11 Star Wars Stories We Want To See On Netflix

From the exploits of Darth Revan to the stories of Grand Admiral Thrawn, here are a few choice Star Wars stories that we'd love to see adapted.

Rogue One is set to launch at the end of this year, and with it, an expansive new Star Wars universe. As good as Rogue One looks, and it does look good, we can't help, but be be a bit worried that, in their haste to build a new cannon, they are tossing too much primo material out the window. Obviously, a lot of the entries on this list would need to be revised to make them fit with the current cannon, but we think that these eleven Star Wars stories deserved to not only be saved but possibly adapted into the modern continuity.

While some of these entries may seem a bit too ambitious for the small screen, Netflix has made huge strides towards establishing itself as a home for television's best and brightest. If the creative minds behind the new film series were interested in further expanding their reach, here are 11 Star Wars Stories We Want To See On Netflix.

11 The Legacy Era

Set 130 years after the the events of a New Hope, the Legacy comics followed Luke Skywalker’s descendant, Cade, as he made his way in a galaxy ravaged by a three way war between the New Republic, a Galactic Empire led by a new Sith order, and the remnants of the Empire that were loyal to the exiled emperor Roan Fel. This conflict was one of the more interesting aspects of the series, as it showed a Galactic Empire that, while certainly being authoritarian, was not necessary evil in the same way Palpatine's was. A series that could explore and expound on that and other interesting aspects of Fel’s Empire, such as the Force-wielding Imperial Knights, would provide an interesting contrast to Darth Krayt’s Empire led by the One Sith.

Legacy introduced us to a lot of interesting characters that were oftentimes more fun to read about than Cade himself.  The original comic’s storyline could serve as the foundation for a strong Netflix series, but the wealth of side stories along with the relative freedom this futuristic era provides also means that a direct adaptation isn’t the only option.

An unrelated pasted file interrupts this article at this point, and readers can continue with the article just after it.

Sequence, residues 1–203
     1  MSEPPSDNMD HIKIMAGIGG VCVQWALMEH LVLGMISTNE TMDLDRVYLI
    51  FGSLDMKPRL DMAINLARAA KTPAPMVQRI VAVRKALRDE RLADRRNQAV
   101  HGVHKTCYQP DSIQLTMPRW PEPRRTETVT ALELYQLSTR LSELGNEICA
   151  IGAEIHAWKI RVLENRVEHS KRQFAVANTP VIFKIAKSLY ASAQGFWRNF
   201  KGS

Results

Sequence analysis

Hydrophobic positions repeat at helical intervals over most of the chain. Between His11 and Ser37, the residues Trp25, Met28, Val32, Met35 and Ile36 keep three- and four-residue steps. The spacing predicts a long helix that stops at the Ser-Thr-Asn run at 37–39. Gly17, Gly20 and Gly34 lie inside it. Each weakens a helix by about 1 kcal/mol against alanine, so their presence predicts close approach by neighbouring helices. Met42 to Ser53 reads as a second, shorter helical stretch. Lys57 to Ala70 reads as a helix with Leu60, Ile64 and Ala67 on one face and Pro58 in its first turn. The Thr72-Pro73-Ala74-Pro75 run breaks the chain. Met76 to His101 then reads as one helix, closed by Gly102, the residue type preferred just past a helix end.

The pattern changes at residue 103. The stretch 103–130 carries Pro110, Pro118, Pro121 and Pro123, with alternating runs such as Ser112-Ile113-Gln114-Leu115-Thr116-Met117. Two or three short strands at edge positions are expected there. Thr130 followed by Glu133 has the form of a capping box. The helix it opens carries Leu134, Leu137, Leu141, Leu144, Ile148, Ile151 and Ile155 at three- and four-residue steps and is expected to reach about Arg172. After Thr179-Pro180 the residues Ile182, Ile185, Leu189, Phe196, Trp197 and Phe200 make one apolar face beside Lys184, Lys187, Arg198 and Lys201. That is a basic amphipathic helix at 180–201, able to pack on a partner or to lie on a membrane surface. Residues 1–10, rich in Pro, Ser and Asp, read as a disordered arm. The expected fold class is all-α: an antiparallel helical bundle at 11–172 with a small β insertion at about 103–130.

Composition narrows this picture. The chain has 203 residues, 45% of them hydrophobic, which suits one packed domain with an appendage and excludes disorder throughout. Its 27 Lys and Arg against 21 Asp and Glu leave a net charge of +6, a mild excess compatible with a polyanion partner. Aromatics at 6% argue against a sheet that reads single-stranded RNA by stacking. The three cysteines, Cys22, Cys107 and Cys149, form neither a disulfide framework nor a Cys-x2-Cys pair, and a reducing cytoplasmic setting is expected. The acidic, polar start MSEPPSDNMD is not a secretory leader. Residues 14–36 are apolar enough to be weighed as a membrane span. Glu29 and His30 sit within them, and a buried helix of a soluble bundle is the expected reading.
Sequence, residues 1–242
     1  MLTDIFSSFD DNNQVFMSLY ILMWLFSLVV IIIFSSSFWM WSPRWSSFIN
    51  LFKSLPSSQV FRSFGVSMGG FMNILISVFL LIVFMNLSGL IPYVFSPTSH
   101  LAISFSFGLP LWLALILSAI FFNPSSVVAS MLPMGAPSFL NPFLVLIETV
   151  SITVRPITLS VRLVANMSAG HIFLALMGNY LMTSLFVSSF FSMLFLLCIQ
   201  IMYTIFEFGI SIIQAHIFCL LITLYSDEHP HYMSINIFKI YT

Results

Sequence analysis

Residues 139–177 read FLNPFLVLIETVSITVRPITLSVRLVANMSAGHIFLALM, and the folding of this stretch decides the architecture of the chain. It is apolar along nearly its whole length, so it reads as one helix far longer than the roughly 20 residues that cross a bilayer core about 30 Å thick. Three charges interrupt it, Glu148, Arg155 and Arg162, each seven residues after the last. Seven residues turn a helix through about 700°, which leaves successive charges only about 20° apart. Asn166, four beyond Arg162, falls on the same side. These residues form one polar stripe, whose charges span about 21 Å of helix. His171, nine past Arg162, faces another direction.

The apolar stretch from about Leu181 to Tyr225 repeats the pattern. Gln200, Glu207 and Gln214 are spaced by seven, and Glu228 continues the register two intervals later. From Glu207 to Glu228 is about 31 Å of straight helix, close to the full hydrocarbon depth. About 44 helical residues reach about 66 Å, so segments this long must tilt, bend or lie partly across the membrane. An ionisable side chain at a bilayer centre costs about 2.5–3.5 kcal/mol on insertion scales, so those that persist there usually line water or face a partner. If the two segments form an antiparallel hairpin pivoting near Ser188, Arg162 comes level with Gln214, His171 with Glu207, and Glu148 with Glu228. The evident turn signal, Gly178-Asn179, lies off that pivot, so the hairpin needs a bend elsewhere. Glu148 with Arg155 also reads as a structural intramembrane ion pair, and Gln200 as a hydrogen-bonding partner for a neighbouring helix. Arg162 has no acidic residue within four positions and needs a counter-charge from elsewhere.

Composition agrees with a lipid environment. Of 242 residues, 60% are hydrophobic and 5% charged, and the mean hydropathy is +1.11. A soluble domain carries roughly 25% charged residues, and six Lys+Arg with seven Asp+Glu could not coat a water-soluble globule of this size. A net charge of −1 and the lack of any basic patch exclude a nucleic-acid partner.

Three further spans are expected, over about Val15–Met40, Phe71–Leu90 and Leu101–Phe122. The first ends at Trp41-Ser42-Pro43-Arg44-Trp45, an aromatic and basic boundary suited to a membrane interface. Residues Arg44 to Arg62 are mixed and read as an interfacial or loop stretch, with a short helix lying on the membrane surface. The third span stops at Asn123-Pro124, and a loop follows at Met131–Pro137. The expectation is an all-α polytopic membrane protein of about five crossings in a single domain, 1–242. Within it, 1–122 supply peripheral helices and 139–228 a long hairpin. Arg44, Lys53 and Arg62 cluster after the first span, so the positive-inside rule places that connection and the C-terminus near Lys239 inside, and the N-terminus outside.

10 Tales of the Jedi

One of the most expansive entries on this list, the Tales of Jedi series was published by Dark Horse Comics, and its long reach really helped define the “ancient history” of the Star Wars universe. This series covered a wide range of topics, such as the the Jedi Knight Exar Kun’s fall to darkness and his eventual war against the Republic. In fact, fans of the Sith and the Dark Side of the Force would have a lot to love about this series, as it also delves into the history of the ancient Sith empire and their first invasion of the Republic.

There are so many different topics this series covers that one of the hardest things for the show writers to do would be choosing which story arc to focus on first. Exar Kun’s tale has some parallels to the fall of Anakin Skywalker, so it would be more familiar to casual Star Wars fans, but we personally think a series exploring the ancient Sith Empire could be a hit, since it’s something that a lot of non-hardcore Star Wars fans know very little about.

9 The Mandalorian Wars

This story ties into the Knights of the Old Republic video game and comic series, but we still think there’s a lot of potential for this as a stand alone series focused on the day to day war efforts of the troops in the Republic military. The awesome video game Republic Commando, and possibly Rogue One, shows that there is an interest in more military focused Star Wars stories, and this series would be the perfect opportunity to explore that further. The show could also benefit from swapping viewpoints between the Republic and Mandalorian forces.

During the first KotOR video game, we met a Sith admiral named Saul Karath who betrayed the Republic to follow Revan during the Jedi Civil War. His character was one of the most interesting ones because he wasn’t a Force-user. He was just a man who saw Revan as a hero and, like many of the soldiers from the Mandalorian wars, decided to stay loyal to the man who saved them, rather than the Republic. It would be very interesting to see that kind of story play out from beginning to end, and watch as soldiers find their loyalties divided between the individuals who saved them and the Republic they'd swore to protect.